Creig P. Sherburne/Atascadero News • Atascadero City Fire Department workers assess the situation while fire engines are arranged to be as effective as possible.
ATASCADERO — More than 40 firefighters from at least seven San Luis Obispo firefighting agencies — not including paramedics and police — responded to a fire that destroyed or damaged six apartment units in Atascadero’s Bordeaux House apartment complex on Saturday.
There were only three reported injuries: one person cut his or her hand, one person suffered smoke inhalation and a third reported experiencing chest pain.
Atascadero City Fire personnel estimated the damage to the property to be around $575,000 and the content of the apartments to be about $120,000. Bordeaux House representatives said they are working on more accurate estimates, but they are not complete yet. Including those damaged on Saturday, Bordeaux House has a total of 400 apartment units, all of which a representative said are occupied.
AFD Captain Bill White said that, in total, four apartments were totally destroyed by the fire, two were damaged, and two were saved with only minor damage, if any.
The cause of the fire is still under investigation, but a press release issued by the department did say it began downstairs in one of the apartment’s patio areas. In addition, the investigation is being conducted by the San Luis Obispo County Fire Investigation Strike Team, not AFD.
In all, it took 12 fire engines, five command vehicles, two ladder trucks and one ambulance about one hour to extinguish the blaze.
“The problem with that kind of fire is the amount of work and time it takes to go through and find every piece of ember and extinguish it,” White said.
Part of the reason there were no casualties was because of Bordeaux House resident Dave Guerera, who lives a few buildings over from where the fire took place.
Guerera said he heard about the structure fire on his police scanner. His wife ran outside and confirmed the flames, so he followed.
“As I ran outside, I could see the black smoke over the buildings,” Guerera said. “I took off full speed, heard an explosion.”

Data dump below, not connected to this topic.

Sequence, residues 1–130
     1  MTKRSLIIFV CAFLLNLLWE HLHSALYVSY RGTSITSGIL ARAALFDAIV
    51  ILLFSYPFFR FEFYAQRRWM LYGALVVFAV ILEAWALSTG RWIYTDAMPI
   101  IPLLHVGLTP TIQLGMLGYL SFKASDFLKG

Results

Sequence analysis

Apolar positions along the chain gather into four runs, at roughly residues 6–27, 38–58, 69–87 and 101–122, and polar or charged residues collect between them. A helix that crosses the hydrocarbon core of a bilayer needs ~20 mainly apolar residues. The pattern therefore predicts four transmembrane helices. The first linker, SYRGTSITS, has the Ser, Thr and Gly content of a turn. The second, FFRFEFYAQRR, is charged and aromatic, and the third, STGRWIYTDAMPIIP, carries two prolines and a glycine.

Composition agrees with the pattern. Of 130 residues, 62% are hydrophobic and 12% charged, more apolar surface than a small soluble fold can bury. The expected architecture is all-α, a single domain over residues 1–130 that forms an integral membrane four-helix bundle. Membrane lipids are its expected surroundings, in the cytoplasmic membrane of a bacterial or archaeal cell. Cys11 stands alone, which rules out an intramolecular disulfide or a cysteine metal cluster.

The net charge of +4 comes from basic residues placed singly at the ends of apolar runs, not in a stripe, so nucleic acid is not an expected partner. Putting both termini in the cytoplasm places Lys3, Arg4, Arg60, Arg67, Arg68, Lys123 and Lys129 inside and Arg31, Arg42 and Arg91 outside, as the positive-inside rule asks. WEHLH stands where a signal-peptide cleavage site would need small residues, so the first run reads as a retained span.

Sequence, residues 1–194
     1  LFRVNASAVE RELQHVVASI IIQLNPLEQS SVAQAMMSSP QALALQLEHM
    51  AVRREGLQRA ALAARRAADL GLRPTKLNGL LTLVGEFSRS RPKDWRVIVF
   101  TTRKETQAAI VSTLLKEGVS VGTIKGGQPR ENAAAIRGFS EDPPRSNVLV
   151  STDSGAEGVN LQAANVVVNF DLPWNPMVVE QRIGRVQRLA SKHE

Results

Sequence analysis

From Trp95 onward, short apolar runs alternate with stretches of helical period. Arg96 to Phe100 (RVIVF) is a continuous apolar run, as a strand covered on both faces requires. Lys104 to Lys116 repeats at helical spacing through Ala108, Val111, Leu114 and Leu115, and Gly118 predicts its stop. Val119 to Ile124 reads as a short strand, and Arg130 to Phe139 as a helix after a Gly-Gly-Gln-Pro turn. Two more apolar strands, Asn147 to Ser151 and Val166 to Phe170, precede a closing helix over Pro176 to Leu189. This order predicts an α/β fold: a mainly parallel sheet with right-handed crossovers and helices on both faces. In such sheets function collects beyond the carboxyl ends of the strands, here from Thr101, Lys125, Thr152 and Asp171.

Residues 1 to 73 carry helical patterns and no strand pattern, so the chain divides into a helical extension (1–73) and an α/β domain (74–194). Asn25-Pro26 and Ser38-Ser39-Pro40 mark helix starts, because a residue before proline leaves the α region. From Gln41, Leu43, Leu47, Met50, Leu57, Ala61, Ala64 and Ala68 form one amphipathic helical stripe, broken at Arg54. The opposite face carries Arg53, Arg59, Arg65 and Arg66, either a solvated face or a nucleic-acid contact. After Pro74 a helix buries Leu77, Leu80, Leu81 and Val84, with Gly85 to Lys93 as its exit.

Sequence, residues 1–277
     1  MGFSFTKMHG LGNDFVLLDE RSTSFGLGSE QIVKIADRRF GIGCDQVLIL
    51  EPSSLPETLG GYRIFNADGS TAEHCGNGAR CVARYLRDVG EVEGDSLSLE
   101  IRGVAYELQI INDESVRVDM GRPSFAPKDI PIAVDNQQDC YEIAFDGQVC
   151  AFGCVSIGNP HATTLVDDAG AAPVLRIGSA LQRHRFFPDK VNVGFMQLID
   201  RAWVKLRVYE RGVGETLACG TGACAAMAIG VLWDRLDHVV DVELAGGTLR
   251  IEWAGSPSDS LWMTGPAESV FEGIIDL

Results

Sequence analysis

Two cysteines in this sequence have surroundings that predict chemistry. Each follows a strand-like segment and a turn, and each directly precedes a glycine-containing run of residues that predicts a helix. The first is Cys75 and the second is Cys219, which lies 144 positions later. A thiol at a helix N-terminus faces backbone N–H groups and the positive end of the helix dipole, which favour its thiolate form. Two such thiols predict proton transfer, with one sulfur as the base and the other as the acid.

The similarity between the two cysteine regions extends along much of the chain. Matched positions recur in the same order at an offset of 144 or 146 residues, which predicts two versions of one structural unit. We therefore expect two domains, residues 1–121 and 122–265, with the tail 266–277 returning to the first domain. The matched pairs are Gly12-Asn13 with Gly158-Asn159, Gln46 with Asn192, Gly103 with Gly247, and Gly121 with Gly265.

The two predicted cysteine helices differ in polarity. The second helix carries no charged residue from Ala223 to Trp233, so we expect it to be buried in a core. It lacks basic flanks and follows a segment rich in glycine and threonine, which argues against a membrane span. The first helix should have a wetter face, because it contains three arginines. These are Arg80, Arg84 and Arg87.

He said that he supposes the explosion was a propane tank, used by an outdoor grill, but that could not be confirmed by press time as those details are still under investigation.
But as he headed to the front of the building, Geurera said a young man told him his mother was still inside one of the burning buildings.
Taking a fire extinguisher with him into the burning building, Geurera said he tried to keep the flames under control near the exit to the building so if the woman got near enough, she would have a safe avenue out.
“Finally, she shows, I see her 10 or so feet front the door. She seemed kind of disoriented,” Guerera said. “Finally, she got close enough, I grabbed her arm and helped get her out of there.”
All of that happened just as the first fire personnel showed up.
White confirmed the lack of serious injuries said that the fire required so much equipment and personnel for a few reasons. First, the apartment complex is a high-density area, so preventing the fire from spreading was important.
Next, the fire did indeed spread.
“What was a challenge on this fire, was it was an external fire,” White said. “The [interior] walls are designed to be one-hour firewalls.”
He said the fire also spread to neighboring units via the outside of the building and then into the attic space above the upstairs rooms. At least one firefighter had to break through the ceiling to see where the fire had gotten to.
Lastly, White said, the equipment firefighters wear is big and heavy and tiring to work in. That meant there needed to be enough workers to take over for exhausted firefighters who needed a break.
Paul Deis, the Red Cross’s director of emergency services for the Central Coast region, said that the organization has helped seven affected families, about 20 people in total.
“Our mission is to help people by ensuring their safety by providing a roof over their heads, clothes on their backs, and food in their bellies,” Deis said.
He said that the Red Cross is all about helping people out of an immediate emergency, not providing long-term support. So with that, a roof, some clothes and some food in mind, the organization put many of those families into hotels, bought clothes and, in one case, replaced a young child’s crib and a car seat which were lost in the fire.
Deis said that at any type of emergency where homes and lives are at risk, the Red Cross will be nearby offering assistance.
The cause of the fire is still under investigation, White said, and added that the investigators have “a lot of work to do.”
White stressed that if there’s a lesson to learn from this fire, it’s to check smoke detectors and change their batteries twice per year.
“Smoke detectors save lives,” White said.